- CPaaS (communications platform as a service) build on a CCaaS feature set with APIs, middleware and development tools for creating custom communications software and integrating it with existing enterprise systems and business processes.
The following slide, presented at an 8x8 investor meeting, illustrates the market size of each segment. Major players in the UCaaS market include Cisco, Google, Microsoft, RingCentral and Zoom, while AWS, Five9, Genesys, NICE CXone and Talkdesk are popular CCaaS offerings. 8x8 straddles both markets, something Zoom was hoping to do via the Five9 acquisition. Indeed, a slide in Zoom’s most recent investor presentation shows the contact center market critical to its strategy of almost tripling its TAM by mid-decade.
UCaaS + CPaaS critical to 8x8’s differentiation
Bootstrapping its entry to the contact center market is one element of Zoom’s strategy, but creating a communications platform is the other pillar. While Zoom picks up the pieces and attempts to enter the contact center market via in-house development, its recent Zoomtopia event illustrated the company’s growing developer platform. As Derek du Preez wrote in summarizing the event and Zoom’s product announcements:
What's clear is that Zoom is thinking well beyond its video call roots and is creating a platform that's an effective place for people to get work done. Upcoming integrations with the likes of Google Drive and Dropbox are just part of this.
Indeed, apps and integrations are one of Zoom’s five strategies for growth and product enhancement.
Aside from a market-leading video conferencing service (admittedly, a huge deficiency), 8x8 already has what Zoom is still building: a mature UCaaS, numerous application integrations, maturing contact center features (what Gartner characterizes as a “challenger,” not a “leader”), a development platform and content analytics software. Indeed, the company claims to be the only vendor that combines UC, contact center and a communications development platform as an integrated service, what is calls XCaaS.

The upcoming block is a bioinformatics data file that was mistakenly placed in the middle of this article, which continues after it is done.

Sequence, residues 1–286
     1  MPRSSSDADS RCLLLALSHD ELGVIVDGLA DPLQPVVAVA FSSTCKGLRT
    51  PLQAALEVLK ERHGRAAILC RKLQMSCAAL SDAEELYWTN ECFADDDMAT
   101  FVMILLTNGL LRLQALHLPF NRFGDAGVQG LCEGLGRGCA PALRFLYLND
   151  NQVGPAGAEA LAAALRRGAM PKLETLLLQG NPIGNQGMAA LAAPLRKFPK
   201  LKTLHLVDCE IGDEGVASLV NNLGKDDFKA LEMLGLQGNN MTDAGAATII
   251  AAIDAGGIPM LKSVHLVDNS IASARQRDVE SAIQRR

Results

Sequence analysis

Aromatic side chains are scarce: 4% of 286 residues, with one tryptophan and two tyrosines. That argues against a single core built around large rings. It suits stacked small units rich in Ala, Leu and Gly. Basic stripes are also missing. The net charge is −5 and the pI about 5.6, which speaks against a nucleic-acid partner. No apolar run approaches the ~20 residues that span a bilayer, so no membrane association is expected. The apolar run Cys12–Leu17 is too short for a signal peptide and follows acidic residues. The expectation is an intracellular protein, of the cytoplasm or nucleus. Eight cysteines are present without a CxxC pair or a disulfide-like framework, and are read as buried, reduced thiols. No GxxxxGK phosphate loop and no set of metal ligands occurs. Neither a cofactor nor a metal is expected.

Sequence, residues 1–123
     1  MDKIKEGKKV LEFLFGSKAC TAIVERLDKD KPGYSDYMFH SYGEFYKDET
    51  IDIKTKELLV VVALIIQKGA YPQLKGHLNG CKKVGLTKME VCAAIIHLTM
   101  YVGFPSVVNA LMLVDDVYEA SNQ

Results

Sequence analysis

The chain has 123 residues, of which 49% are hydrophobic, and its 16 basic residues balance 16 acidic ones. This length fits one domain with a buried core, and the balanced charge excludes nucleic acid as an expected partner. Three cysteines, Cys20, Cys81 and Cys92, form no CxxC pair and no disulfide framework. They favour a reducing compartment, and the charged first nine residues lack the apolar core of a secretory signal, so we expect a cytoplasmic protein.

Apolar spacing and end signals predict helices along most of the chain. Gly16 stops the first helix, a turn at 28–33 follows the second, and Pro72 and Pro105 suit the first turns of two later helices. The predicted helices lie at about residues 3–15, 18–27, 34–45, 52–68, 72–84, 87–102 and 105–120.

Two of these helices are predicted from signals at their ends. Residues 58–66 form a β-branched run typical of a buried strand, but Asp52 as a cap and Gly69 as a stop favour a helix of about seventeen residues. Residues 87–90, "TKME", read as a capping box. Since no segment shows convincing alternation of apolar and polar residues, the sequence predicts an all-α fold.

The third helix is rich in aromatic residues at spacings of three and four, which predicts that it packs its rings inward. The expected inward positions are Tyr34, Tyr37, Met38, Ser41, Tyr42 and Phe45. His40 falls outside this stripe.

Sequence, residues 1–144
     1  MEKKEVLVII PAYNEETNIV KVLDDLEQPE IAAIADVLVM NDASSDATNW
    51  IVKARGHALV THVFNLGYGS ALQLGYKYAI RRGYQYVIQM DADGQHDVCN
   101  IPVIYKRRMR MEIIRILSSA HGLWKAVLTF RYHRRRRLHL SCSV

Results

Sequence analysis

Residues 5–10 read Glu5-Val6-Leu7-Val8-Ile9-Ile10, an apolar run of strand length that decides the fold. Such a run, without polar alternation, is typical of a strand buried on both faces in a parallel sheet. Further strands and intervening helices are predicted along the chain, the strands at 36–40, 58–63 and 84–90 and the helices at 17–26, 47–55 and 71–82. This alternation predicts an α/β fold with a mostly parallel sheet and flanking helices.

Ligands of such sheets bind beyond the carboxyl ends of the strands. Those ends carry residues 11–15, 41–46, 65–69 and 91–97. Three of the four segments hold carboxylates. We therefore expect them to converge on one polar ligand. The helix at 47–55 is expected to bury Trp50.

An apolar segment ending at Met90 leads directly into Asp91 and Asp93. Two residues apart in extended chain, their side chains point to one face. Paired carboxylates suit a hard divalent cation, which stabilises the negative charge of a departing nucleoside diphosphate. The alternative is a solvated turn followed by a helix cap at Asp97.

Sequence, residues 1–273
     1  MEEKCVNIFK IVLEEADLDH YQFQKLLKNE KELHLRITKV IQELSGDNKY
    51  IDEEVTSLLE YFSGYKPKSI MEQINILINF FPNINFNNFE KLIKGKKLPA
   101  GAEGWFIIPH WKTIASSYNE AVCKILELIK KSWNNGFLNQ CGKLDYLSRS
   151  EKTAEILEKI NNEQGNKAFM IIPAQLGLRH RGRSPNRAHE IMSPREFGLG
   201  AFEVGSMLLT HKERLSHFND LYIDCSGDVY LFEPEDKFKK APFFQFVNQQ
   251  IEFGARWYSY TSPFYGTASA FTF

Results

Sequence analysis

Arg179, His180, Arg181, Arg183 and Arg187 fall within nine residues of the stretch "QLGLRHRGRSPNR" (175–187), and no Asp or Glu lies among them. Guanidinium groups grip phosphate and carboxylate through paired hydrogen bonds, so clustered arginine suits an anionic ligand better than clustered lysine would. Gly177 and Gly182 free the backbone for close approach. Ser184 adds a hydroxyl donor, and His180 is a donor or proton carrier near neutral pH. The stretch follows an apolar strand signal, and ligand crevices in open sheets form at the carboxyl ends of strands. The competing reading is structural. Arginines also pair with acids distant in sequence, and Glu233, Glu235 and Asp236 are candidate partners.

CEO Dave Sipes highlighted 8x8’s view on the collision between the UC and CC markets in the company’s Q2 2021 earnings call (emphasis added):
The era of partnering is ending. And while this was fine when there weren't other solutions for customers to be partnered between UC and CC solution. I think customers, they want more. They want more integration. They want more manageability long term with integration frameworks that work well, and they want a single vendor reliability across that. So I do think we're entering the era of the owned and integrated UC and CC product, and that's an area where we continue to be farthest along on an integrated solution in our XCaaS message.
Hunter Middleton, 8x8’s SVP of Product Management, echoed that sentiment in a recent briefing, saying that the company saw the Zoom-Five9 merger as validation of its strategy and the deal’s failure as an opportunity to differentiate itself from the competition. The company just released 8x8 Frontdesk which blends elements of UC and contact center service for high-volume incoming call handling. The service exploits 8x8’s Microsoft Teams integration which enables presence synchronization and call routing.
Teams integration is becoming more popular with 8x8 customers with about 6 percent (more than 100,000) of 8x8’s 1.8 million customers using the combination. Indeed, an 8x8-commissioned survey found that 80 percent of the organizations using Teams plan to integrate it with a third-party telephony service. They are likely attracted by the ability to download and share 8x8 voice recordings to a Teams discussion and support for 8x8 voice and text messaging within the Teams UI.
Zoom’s strategy of using the technological maturity and market dominance of its video conferencing system to expand into other enterprise markets and insinuate itself deeper into business processes is solid, but was dealt a significant, but not fatal blow by Five9’s shareholders. Indeed, while attempting to differentiate itself from the competition, 8x8 validated Zoom’s strategy and a look at each company’s feature chart shows much overlap. Most significantly, both see the futility of attacking entrenched incumbents Microsoft, Google and Salesforce (Slack) in productivity and collaboration software and instead seek to augment these with communication, contact center and workflow features.